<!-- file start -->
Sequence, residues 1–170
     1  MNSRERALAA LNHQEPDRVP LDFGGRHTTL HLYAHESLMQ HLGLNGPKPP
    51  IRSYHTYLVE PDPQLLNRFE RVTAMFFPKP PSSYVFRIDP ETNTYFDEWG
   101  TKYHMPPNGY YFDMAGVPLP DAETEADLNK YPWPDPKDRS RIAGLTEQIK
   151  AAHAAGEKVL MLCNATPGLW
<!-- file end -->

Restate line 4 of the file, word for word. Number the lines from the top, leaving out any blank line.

   101  TKYHMPPNGY YFDMAGVPLP DAETEADLNK YPWPDPKDRS RIAGLTEQIK